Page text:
The FBI appears to have adopted an invasive Internet surveillance technique that collects far more data on innocent Americans than previously has been disclosed.(Hat tip, Raw Story.)
Instead of recording only what a particular suspect is doing, agents conducting investigations appear to be assembling the activities of thousands of Internet users at a time into massive databases, according to current and former officials. That database can subsequently be queried for names, e-mail addresses or keywords.
Such a technique is broader and potentially more intrusive than the FBI's Carnivore surveillance system, later renamed DCS1000. It raises concerns similar to those stirred by widespread Internet monitoring that the National Security Agency is said to have done, according to documents that have surfaced in one federal lawsuit, and may stretch the bounds of what's legally permissible.....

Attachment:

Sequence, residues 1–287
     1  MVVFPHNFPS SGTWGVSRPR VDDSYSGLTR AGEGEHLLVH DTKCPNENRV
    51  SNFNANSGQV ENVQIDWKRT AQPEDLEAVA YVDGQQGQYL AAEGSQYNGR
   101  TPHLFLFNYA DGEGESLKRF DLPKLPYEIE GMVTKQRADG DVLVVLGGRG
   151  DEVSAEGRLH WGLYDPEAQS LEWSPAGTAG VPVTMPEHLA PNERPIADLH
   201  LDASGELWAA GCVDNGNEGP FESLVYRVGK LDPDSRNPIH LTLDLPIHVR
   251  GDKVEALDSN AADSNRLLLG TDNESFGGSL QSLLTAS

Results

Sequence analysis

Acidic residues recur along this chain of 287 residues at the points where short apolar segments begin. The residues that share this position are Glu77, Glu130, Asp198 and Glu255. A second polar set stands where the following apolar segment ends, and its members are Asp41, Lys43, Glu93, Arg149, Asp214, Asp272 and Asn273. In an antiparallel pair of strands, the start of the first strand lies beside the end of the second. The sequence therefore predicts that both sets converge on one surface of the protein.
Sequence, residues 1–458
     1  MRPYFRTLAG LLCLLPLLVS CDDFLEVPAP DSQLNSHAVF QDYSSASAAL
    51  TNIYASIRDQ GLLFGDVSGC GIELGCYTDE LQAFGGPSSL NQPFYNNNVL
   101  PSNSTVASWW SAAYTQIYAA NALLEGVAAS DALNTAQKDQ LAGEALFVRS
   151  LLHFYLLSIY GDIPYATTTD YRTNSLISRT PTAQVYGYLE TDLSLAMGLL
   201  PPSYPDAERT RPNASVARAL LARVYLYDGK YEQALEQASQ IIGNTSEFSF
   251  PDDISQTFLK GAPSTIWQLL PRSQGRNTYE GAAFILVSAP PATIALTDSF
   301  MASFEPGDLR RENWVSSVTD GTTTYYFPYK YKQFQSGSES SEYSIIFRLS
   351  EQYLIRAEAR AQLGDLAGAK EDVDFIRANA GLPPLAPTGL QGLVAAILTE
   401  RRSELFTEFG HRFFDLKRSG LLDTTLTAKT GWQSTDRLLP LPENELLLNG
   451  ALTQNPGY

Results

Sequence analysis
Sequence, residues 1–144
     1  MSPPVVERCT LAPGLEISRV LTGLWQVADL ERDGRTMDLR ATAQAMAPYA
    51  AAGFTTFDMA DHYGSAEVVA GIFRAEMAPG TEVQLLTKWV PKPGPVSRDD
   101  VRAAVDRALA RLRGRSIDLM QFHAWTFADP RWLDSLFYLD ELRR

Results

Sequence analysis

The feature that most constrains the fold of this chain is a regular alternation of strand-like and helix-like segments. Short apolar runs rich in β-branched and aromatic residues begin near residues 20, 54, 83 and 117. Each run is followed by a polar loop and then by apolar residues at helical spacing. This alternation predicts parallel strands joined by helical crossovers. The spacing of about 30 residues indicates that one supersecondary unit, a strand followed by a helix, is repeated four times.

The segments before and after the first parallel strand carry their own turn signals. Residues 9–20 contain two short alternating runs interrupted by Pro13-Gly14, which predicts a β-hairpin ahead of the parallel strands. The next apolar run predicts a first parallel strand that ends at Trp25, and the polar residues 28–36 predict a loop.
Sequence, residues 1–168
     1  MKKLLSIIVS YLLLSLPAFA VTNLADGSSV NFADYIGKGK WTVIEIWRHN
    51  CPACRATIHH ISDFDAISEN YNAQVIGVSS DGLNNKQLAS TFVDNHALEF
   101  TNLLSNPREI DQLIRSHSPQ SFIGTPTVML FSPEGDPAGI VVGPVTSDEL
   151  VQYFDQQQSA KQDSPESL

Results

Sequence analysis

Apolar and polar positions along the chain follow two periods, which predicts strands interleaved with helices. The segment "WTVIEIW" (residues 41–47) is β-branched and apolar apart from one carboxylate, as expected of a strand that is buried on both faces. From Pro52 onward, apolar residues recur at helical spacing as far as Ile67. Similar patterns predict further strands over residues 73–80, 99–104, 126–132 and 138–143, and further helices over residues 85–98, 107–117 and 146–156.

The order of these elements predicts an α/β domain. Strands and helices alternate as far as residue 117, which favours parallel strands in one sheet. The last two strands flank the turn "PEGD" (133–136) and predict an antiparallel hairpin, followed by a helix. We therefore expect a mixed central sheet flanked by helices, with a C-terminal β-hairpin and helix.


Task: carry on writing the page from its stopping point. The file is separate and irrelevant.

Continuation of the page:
[The Electronic Frontier Foundation's staff attorney Kevin] Bankston] said that the FBI is "collecting and apparently storing indefinitely the communications of thousands--if not hundreds of thousands--of innocent Americans in violation of the Wiretap Act and the 4th Amendment to the Constitution."
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